First published in 2004, Road to Purgatory is neither a sequel to the novel Road to Perdition, or the film Road to Perdition. Rather, it's a sequel to the graphic novel which, as Road to Purgatory has ceremoniously reminded me, is quite a bit different than the movie.
In this book, Micheal O'Sullivan, Jr., has been adopted by Sicilian restaurateurs and goes by the name of Michael Satariano. Returning from the early days of American involvement in World War II, Michael is given the chance (via Eliot Ness) for revenge against Capone for the murder of his father. Long story short, Michael goes undercover in the mob and adventures ensue.
Let me just state that I like this book. It would probably make an interesting movie (although much would need to be changed to be a proper sequel to Road to Perdition) and would make an excellent graphic novel. Truth be told, I wish this would've been a graphic novel, as a lot of the feats of the characters seem pulled straight out of comic books. Michael is just a little too much of a super soldier. He's just a little too good a lover. He's just a little too smart for his own good. Indeed, most of the violence reads like video game cut-scenes. For a novel, and one based on actual historical people and events as much as possible, the suspension of disbelief required was just too much. Were this a graphic novel, it would've been fantastic (but I think I said that already).
Anyway, despite some of the more comic elements, I really do like how author Max Allan Collins fits the story in with real history (and even, I understand, other stories in his literary catalog). The section dealing with the Army seems a little hokey, and there are a couple of errors in military accuracy, but it works as a setup for the most part. All that out of the way, many of the plot twists and devices are very deux ex machina, convenient for their convenience and not altogether convincing. Sure, many of them are - again - real events from history, but Collins seems to hide behind that fact, rather than embracing it for the narrative.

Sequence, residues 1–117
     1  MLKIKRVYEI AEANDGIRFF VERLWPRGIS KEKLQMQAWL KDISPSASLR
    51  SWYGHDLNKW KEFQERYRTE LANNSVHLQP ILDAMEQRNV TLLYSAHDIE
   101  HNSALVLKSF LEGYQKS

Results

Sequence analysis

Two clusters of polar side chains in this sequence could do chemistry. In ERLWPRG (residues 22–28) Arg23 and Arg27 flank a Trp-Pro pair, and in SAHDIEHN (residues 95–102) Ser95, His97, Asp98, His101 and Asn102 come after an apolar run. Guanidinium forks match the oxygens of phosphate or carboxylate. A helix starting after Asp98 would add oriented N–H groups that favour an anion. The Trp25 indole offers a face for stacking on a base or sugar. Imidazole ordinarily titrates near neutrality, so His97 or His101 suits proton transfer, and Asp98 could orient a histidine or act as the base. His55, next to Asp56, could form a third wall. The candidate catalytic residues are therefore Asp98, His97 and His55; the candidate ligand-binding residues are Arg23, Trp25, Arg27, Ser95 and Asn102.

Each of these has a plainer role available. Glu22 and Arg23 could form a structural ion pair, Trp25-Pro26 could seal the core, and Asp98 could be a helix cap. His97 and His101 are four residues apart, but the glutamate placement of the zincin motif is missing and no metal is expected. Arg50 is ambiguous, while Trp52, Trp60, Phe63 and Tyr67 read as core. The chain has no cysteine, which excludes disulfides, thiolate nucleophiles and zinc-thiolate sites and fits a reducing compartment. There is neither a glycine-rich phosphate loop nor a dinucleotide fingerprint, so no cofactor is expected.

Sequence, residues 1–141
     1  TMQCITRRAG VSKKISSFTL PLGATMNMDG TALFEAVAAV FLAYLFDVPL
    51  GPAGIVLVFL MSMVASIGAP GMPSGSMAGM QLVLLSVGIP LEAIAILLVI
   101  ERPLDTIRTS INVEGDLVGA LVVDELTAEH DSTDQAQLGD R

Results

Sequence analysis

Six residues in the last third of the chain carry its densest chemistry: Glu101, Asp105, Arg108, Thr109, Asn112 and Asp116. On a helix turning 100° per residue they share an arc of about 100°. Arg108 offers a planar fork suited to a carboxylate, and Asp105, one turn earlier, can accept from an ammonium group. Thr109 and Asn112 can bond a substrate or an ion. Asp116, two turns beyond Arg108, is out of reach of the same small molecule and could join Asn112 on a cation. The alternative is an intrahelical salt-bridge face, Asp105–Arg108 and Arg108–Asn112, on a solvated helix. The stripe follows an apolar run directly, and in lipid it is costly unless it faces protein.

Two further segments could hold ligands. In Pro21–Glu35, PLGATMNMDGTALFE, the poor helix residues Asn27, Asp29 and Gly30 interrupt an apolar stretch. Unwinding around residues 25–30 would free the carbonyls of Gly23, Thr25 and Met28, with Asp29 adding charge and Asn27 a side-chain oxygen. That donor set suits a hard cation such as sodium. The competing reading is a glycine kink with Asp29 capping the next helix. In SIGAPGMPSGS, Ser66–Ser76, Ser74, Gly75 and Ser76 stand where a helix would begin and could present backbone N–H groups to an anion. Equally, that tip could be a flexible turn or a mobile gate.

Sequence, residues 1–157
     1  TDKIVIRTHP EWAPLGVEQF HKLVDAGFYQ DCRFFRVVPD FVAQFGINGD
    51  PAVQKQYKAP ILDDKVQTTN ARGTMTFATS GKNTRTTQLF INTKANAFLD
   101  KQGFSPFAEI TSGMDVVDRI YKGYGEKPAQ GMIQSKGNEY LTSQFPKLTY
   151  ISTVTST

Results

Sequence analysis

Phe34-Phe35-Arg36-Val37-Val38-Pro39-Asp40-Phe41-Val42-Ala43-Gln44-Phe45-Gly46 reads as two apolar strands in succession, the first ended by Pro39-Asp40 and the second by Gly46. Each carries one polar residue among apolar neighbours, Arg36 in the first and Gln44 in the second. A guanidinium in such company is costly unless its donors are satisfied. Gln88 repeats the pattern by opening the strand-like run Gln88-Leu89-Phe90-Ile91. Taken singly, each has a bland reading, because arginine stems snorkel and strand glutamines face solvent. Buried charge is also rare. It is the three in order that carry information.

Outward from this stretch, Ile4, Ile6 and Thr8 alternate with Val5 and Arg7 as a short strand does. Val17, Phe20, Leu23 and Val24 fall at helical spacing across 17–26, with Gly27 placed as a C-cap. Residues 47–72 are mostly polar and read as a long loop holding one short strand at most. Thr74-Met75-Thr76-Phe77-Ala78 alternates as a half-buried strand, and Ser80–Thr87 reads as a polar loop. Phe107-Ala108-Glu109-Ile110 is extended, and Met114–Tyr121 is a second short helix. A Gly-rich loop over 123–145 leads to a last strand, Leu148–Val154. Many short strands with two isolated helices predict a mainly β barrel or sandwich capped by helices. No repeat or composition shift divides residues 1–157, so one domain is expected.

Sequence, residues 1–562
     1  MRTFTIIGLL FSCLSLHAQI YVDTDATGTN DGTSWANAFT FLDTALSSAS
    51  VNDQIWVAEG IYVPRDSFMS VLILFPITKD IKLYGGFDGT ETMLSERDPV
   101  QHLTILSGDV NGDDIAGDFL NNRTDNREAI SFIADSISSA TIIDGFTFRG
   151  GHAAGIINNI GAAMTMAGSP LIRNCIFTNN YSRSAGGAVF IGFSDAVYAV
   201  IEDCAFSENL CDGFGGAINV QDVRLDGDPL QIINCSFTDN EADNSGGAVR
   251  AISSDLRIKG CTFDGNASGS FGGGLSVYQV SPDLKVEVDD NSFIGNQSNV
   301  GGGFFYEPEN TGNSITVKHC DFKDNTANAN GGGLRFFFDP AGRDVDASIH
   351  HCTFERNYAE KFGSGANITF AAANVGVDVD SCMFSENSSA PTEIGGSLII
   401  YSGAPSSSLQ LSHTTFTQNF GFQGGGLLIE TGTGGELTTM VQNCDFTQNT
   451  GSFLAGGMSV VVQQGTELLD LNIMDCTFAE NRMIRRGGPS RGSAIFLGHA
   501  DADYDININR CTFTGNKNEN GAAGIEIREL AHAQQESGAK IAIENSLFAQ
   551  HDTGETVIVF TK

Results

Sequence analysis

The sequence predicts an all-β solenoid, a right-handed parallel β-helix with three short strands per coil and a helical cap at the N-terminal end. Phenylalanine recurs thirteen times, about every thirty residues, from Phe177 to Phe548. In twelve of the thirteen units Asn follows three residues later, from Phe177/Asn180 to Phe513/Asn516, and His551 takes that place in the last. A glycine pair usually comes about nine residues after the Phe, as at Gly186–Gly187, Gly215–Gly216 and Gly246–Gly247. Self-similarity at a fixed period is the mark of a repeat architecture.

Oddly enough, the most insincere character in the novel is the one he created: Michael Satariano.
Rating: 9 - (Style: 3 stars; Story: 3 stars)
It just wasn't as engaging as its predecessor (in any form). A few too many typos... although I noticed that in Road to Perdition, too. I'm going to guess that there will be some noticeable editing mistakes in Road to Paradise, as well.
Things I Learned:
- New word: gabardine - a firm hard-finish durable fabric (as of wool or rayon) twilled with diagonal ribs on the right side; a garment of gabardine
- porkpie hat - I guess I just never knew those were called "porkpie hats."
- "Kidding on the square" - an old, rarely used phrase meaning "joking, but not joking."